The one question that keeps getting e-mailed to me is "what do they do with the sandbags once the flood is over?" Fortunately, All Things Considered's Tom Crann was on the case, and got the answer from Ken Hellevang, an Extension Service agent at North Dakota State University.
"Normally the bags will be removed and the sand reclaimed and used for the normal kinds of construction projects that we'd use the sand for. A lot it will end up in concrete," he said. Listen
You can find the entire interview here.
Residents, however, won't have the considerable help getting the sandbags out that they had putting them in. How are you going to spend your summer? Theirs is now mostly spoken for.
So that's one flood mystery out of the way, let's move on to #2.
Why do TV reporters insist on doing this? If this were the story of, say, a manure lagoon, would they wade in?
HOW TO HELP
I've gotten a few questions today on how to help. Assuming that means you're interested in coming to the Fargo-Moorhead area, call 701-476-4000, which is the First Link volunteer line. I don't have any information for you on the Grand Forks area, but it's worth noting that the flooding wasn't expected to be bad there, and today the region sent several busloads of volunteers to Fargo.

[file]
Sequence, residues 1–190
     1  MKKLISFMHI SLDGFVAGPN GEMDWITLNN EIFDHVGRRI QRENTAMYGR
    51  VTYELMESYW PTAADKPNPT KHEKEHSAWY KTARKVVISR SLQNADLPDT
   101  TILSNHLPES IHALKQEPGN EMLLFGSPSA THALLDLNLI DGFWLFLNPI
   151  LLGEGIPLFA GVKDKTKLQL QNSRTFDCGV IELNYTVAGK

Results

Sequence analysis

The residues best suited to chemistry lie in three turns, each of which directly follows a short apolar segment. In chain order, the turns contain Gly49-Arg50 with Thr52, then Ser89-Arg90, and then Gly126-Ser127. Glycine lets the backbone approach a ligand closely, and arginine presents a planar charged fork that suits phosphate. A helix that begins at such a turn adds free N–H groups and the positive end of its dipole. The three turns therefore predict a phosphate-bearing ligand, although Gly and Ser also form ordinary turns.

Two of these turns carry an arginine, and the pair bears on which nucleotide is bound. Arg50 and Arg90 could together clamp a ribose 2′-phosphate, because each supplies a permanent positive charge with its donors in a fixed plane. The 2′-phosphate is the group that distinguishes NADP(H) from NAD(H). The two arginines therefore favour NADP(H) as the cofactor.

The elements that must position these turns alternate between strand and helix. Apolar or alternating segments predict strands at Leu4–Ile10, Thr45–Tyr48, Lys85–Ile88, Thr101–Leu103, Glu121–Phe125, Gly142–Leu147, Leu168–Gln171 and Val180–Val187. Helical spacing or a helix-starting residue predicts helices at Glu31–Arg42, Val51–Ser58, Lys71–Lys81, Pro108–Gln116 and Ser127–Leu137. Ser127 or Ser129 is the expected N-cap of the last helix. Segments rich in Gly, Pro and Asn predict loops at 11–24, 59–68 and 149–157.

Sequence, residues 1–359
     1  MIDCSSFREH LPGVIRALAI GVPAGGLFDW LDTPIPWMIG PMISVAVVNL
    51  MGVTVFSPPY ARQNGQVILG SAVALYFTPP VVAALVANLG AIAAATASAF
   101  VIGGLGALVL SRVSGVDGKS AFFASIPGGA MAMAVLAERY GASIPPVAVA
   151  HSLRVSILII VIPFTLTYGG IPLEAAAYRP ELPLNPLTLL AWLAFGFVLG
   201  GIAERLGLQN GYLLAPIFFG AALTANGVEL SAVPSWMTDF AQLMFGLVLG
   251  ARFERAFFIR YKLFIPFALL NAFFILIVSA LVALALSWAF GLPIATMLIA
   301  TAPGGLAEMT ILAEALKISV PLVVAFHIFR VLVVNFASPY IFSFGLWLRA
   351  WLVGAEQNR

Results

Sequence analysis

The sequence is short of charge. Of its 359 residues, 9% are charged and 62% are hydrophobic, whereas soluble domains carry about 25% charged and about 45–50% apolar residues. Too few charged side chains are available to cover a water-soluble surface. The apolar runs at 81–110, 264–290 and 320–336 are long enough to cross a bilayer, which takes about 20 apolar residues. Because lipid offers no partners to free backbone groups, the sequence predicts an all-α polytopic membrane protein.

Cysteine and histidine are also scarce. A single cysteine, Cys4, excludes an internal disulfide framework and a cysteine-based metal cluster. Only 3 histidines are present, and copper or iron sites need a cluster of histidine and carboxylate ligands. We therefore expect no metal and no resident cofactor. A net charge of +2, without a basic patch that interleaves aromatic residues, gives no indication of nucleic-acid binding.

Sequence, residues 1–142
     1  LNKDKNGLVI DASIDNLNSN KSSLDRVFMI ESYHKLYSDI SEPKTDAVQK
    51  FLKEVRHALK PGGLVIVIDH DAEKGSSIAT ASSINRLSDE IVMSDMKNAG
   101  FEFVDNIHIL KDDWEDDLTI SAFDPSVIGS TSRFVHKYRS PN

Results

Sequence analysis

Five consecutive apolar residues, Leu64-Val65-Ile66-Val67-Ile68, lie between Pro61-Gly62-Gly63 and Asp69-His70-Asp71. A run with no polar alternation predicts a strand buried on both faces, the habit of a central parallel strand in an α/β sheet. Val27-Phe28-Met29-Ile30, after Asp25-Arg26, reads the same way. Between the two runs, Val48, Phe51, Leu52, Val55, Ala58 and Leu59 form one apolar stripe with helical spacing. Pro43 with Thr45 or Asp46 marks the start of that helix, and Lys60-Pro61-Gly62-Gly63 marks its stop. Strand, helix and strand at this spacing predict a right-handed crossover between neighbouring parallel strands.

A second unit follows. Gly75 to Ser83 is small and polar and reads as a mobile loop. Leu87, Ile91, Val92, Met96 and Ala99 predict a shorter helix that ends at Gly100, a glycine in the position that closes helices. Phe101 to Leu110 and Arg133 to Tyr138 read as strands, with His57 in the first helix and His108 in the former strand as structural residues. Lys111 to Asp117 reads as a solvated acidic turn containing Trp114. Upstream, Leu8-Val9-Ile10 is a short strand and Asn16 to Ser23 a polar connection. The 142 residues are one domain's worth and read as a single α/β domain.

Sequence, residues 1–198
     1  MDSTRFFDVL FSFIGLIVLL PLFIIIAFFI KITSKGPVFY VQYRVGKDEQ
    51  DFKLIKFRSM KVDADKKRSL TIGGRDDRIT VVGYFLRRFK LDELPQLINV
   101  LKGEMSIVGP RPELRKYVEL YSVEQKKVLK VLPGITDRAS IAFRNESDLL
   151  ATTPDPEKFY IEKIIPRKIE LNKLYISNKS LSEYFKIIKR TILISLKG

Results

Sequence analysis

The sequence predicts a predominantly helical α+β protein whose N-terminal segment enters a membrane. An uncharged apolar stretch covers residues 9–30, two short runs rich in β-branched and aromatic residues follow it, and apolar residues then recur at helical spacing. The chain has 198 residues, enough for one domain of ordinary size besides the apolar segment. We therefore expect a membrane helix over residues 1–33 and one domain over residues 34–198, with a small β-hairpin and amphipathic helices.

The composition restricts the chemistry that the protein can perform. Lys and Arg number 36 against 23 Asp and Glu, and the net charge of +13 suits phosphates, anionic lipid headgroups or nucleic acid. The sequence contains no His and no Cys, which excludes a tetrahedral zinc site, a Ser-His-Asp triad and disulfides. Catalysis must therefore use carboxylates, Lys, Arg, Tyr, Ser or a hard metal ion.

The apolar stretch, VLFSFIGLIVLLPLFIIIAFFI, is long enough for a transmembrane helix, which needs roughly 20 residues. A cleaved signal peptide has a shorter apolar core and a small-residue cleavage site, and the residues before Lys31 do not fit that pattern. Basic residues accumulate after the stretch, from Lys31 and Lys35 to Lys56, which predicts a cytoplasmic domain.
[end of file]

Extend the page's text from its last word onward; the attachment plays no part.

If you do drive out, bring a map. They're closing the off-ramp to Moorhead (I-75) off I-94 on Wednesday morning so they can build a dike across it.
I posted a presentation below about the involvement by this region's young people. Here's my appearance on tonight's All Things Considered, discussing it more. Listen
The flood crest was expected in Fargo on Friday. From the looks of the latest projection, however, it now looks like Sunday morning.
Heard you on the radio as I was driving home from work, telling the story of those kids from Fergus Falls. It made me tear up a little. Bless all the volunteers!
I was a college student in Moorhead during the 2001 floods and helped in both the sandbagging AND the de-sandbagging. I can say with fair confidence that if you think heaving a dry sandbag is tiring and messy, that only multiplies when the sand is fully saturated with water. It's both heavier and dirtier work that the headlines don't usually feature.